A Tree Fell in the City, and Many Heard Its Cry For Help
This of course is an opposite of the usual conundrum: “If a tree falls in a forest, does it make a sound?”
The poor tree is a red ironbark Eucalyptus or mugga ironbark, who immigrated from Australia. They have a highly crenelated black bark, and ooze a red sap, which can be seen at their base. As much as I have learned to love trees, this is not one that you want to hug.
This tree fell in Laguna Beach, and the report and photo on this is in this week’s stunewslaguna.com . The row of these trees is on the North side of Broadway, next to the entrance of the Festival of Arts and the Pageant of the Masters. Everybody who goes to these venues either walks by this row, or passes next to it.
When the mugga fell, it wiped out a BMW parked alongside. It may have also damaged another BMW passing by. Nobody was reported hurt. At least it went out in style, calling for people to take notice.
Every time I pass these trees, I see the reason for the cry for help it gave us. The tree has lived its life imprisoned in a patch of exposed soil at most a few square feet surrounded by first sidewalk, then on its North side by a building, and it’s South side by Broadway street. I don’t know if it is regularly watered by the city.
The summer is dry as usual, with maybe only an occasional drizzle, or occasional fog. Laguna Beach downtown is a very gently sloping alluvial plane, carved into the hills by the Laguna Canyon drainage. The drainage canal is dry, and I suspect the underground draining water level is very low. We have had a few weeks of very high temperatures, and are having another week coming up.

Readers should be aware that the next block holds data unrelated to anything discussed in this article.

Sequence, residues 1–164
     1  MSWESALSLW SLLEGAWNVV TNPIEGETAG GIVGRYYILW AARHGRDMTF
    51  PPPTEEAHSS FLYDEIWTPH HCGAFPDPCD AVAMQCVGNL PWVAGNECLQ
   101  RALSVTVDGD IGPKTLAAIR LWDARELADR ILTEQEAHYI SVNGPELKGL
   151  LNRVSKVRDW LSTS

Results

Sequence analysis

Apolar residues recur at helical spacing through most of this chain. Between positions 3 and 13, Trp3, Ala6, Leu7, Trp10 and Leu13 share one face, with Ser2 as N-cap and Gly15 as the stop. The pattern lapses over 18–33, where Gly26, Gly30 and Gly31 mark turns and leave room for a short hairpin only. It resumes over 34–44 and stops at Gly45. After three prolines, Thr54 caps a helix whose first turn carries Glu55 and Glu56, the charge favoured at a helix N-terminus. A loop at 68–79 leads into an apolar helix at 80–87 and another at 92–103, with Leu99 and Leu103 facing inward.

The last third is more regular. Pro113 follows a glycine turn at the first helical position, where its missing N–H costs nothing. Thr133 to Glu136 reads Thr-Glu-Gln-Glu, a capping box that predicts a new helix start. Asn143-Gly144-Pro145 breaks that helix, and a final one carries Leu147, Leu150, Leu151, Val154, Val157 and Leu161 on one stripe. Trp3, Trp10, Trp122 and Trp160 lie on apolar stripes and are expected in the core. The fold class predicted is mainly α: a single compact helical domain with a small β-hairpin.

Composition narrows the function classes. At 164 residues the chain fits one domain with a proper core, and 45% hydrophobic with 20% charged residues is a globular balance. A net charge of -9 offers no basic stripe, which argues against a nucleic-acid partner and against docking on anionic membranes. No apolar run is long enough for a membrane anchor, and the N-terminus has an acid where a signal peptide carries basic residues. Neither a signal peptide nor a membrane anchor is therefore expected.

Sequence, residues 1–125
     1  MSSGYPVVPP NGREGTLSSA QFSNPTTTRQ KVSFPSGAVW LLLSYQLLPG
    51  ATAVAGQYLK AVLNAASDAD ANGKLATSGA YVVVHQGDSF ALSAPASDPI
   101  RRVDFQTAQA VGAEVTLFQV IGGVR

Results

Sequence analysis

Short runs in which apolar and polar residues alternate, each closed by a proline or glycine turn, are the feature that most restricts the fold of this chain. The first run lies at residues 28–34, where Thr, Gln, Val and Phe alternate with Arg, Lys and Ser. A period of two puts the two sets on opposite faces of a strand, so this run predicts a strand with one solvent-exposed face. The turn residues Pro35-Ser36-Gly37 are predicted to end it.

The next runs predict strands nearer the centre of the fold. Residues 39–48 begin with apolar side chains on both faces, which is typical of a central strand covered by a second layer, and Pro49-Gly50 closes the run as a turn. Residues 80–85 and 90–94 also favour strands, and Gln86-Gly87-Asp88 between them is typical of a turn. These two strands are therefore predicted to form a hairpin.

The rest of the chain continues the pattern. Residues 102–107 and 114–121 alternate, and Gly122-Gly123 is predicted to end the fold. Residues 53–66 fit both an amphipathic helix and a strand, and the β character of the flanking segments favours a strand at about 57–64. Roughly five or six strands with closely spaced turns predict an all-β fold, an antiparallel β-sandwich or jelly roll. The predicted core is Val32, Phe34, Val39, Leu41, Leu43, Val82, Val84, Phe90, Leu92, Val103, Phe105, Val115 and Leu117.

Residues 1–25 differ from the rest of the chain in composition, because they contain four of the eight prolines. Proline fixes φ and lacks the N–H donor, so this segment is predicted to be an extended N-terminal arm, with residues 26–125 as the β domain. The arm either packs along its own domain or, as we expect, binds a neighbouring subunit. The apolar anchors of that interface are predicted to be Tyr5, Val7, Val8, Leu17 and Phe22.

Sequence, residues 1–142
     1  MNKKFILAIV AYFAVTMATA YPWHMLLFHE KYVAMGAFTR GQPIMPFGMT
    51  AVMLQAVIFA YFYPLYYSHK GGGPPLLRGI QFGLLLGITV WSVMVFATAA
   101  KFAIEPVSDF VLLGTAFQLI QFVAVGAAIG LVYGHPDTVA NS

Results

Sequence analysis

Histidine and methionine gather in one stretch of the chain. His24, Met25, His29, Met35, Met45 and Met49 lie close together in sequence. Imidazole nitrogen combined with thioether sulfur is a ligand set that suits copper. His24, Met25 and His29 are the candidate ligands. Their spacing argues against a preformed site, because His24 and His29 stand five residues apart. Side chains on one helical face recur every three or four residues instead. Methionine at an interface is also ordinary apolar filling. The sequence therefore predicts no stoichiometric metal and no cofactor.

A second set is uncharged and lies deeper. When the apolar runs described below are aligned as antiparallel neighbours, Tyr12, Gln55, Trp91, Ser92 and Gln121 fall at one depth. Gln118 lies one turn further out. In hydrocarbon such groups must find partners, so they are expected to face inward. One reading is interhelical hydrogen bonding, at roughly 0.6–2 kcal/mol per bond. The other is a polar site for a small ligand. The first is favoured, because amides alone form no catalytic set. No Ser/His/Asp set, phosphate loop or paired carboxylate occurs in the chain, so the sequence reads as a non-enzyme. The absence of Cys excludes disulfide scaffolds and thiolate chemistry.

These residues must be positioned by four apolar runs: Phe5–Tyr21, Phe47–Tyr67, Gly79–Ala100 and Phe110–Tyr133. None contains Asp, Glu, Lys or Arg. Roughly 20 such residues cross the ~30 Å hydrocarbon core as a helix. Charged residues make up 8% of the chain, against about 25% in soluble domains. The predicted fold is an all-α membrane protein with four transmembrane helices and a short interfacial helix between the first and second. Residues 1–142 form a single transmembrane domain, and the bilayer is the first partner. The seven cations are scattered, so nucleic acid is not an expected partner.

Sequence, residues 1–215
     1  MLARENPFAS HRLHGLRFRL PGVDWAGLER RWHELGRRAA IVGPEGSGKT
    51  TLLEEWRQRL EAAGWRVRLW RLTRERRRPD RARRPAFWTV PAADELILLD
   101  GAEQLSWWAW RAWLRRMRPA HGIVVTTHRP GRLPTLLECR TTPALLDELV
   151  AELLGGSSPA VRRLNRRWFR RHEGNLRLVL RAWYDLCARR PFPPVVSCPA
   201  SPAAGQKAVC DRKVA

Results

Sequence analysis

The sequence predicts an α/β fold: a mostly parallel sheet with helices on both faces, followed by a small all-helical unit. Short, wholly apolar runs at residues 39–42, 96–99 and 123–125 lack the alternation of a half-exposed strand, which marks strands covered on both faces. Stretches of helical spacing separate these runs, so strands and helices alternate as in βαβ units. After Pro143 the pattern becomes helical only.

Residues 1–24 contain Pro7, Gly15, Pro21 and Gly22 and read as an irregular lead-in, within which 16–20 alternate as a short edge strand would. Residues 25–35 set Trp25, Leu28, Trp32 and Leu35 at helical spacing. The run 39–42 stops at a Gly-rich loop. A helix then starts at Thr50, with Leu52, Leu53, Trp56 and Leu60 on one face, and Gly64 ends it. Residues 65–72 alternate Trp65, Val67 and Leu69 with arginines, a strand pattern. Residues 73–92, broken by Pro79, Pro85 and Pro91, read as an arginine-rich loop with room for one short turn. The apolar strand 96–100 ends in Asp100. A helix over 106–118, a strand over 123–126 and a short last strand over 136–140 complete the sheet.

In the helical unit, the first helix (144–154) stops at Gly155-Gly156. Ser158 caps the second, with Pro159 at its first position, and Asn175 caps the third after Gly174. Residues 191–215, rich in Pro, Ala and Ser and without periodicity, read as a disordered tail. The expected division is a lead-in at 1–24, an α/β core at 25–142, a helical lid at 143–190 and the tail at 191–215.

UC Irvine has many of these beautiful blossoming trees on its botanical garden campus. Those are on an open hillside. I have many pictures of them on my Flicker account. I pass some more on my walk home from my office. Those are near a sidewalk, but surrounded by a bordering garden, which gets regularly watered by recycled water.
Many of the trees in downtown Laguna are similarly trapped in compact concrete prisons. This, although they have committed no crimes, but provided us shade and beauty for decades. And are also converting our greenhouse gas CO2 excretions to life sustaining Oxygen.
The cry for help from the red ironbark was for us to more appreciate our trees more in city planning, and to give them adequate natural space and watering to remain healthy. Confining trees with growing root systems is also expensive, as their growing roots undermine sidewalks and roads, which require occasional smoothing and repair.
As usual with the subjects on which I comment, I am not an expert on them. In this case, I am not an arborist or city planner. I would appreciate any comments emailed to me by those who know about this.